No, it’s not a They Might Be Giants song, (Birdhouse in Your Soul might be too obscure to open this blog post, but that’s the joy of no boss!) … it’s how I feel about being a drop-out Catholic yogini during Lent season.
I’m religiously open, even though I was raised Catholic. Those last two words, when shared among friends, often feel like the midst of therapy session … hey, I’ve moved on from the injustices of Sister Dorothy of St. Leo the Great Parish in Lancaster, Pa. Right, Mom?
Through the years, I have enjoyed close friendship with many Jews. Cloaked in neon and fancy fabrics, I’ve attended many a bar/bat mitzvah (can I get credit for spelling this correctly the first time?). In college, I oddly and awesomely received a box of sweets and masks from Hillel, the Jewish Culture Foundation at NYU, for the holiday of Purim (An interesting tangent: Read this essay by Jeffrey Rubenstein). I’ve celebrated many a Seder and Hanukkah (I spelled that wrong at first!). I have even traveled to Israel for a magazine assignment.
In college, I connected with the Buddhist Student Association and began practicing meditation and Yoga, albeit sporadically but lasting through today. (Click here for a good resource) About 15 months ago, I graduated Yoga teacher training and have been a teacher of Yoga since.
While I was learning all about the root Hindu mysticism of the Yogic tradition, I loved having religious conversations with my Christian friend Amy while we walk the bridges over the St. Lucie River and Indian River Lagoon.
My boyfriend was raised Unitarian, and interestingly my office is next door to the Unitarian Universalist Church in Stuart. Now to the point:
Even though I am in no way a practicing Catholic and haven’t been to church in years, I gave something up for Lent last year and am doing it again this year. I guess I did it as a kid; I really don’t remember it being anything stressful. I do remember Easter baskets after the 40-day denial fest! My parents would hide my purple and yellow woven plastic basket filled with chocolate and jelly beans (and eggs we would paint prior – to be discussed in a subsequent blog posting) throughout the house on the big day. One time, the “Easter Bunny” hid my older brother’s basket in the dryer, and he failed to find it. Mine, meanwhile, was long-found from under the dining room table, and I was munching and laughing. Sorry, sucka!
Wait, back to God. Right. Before you get the goods of Jesus rising again and somehow saving me (comments welcome below), you have to give something up or create a positive habit to make you remember God in your life every day.
Back up to God, since this is the religious blog post, so what the h-e-double-hockey-sticks: I believe in God, she’s awesome! As far as I’m concerned, God lives in each and every one of us, and we are limitless and amazingly beautiful and perfect and are so blessed and blissed.
Am I wrong? If New Orleans knows anything, it’s that life is a party. Mardi Gras, mais oui.
So it’s Lent time, and last year I gave up alcohol. I’m certainly not a drunk (well, I function. That’s good, right?), but it was a bit of a challenge to give up all alcohol for 40 days.
Catholic rules – at least when I was a kid – was that you could break your Lenten vows on Sundays, because you have to go to church that day so you’re already forced to remember God because you’re dragged to a stain-glass castle with Latin chanting, incense and wine. I must admit that I saved up my Sundays for the end of Lent, when I partied at the Wanee Festival last year. And even then I definitely didn’t drink as much as I did the last festival I enjoyed.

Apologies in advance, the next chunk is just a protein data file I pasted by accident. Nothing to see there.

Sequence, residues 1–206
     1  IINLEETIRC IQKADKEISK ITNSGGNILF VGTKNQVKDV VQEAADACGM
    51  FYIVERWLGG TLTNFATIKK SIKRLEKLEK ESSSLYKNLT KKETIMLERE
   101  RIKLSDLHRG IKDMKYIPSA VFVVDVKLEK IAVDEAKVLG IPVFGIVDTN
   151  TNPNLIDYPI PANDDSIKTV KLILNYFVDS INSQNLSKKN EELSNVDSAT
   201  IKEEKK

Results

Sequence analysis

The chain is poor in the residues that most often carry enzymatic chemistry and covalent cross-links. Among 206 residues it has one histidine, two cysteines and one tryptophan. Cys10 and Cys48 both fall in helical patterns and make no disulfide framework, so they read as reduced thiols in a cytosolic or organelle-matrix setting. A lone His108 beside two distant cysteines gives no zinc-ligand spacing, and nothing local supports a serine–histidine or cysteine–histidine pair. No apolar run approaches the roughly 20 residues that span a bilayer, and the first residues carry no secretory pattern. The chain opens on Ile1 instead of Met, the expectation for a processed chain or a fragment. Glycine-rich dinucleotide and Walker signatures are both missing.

See, last year at this time, I was pretty stressed out. I was working to pass a referendum for the Children’s Services Council of Martin County, which ended up passing with 77% of the vote. (Woot!) Still, at that time, I didn’t know the outcome and $9 million for local children and family programs was riding on it. It could drive you to drink!
Enter Lent. I had to confront that stress head-on – in the now. Instead I did a lot of Yoga. I started teaching the previous December, and sobriety jived with many of the teachings of the Yoga Sutra. A quick connection to a few Yamas and Niyamas:
- Isvarapraṇidhana: connection to God – this is the obvious one, where we contemplate the supreme being constantly
- Ahimsa: non-violence – alcohol is a toxin to the body
- Satya: truth – I am not truly myself when drunk
- Asteya: non-stealing – You steal time from your highest self when drunk
- Sauca: purity – Clear minds aren’t influenced by drink
What a buzz kill!
Indeed, not drinking made me a bit of a social hermit, since so many of my friends would invite me out to get a craft beer or dance to live music. It took my love of the latter to overcome my love of the former!
So, 2015: This year, I’ve given up processed sugar, and I can tell already it’s going to be a snap. Wednesday was Ash Wednesday, when Catholics smear ash on their foreheads and not wipe it off to let everyone know that it’s all temporary, man. As an acne-ridden teen paranoid about clogged pores, I hated that tradition. Way to smite me twice, God! Who am I, Job?
Anywho, I’ve come across a bunch of sugar in the last four days and it’s all good. I even upped the ante by purchasing dark chocolate-covered almonds earlier in the week. Who needs those when you have Barlean’s Chocolate Silk Greens to mix with almond milk? I realized that I eat very little processed sugar from the get-go.
So what can I learn? I am continuing to analyze myself to change, improve and evolve. Who knows? By the time this is live on the intrawebs, I may be gorging on vegan sugar doughnuts in the corner of my kitchen. There are still 36 days left in Lent.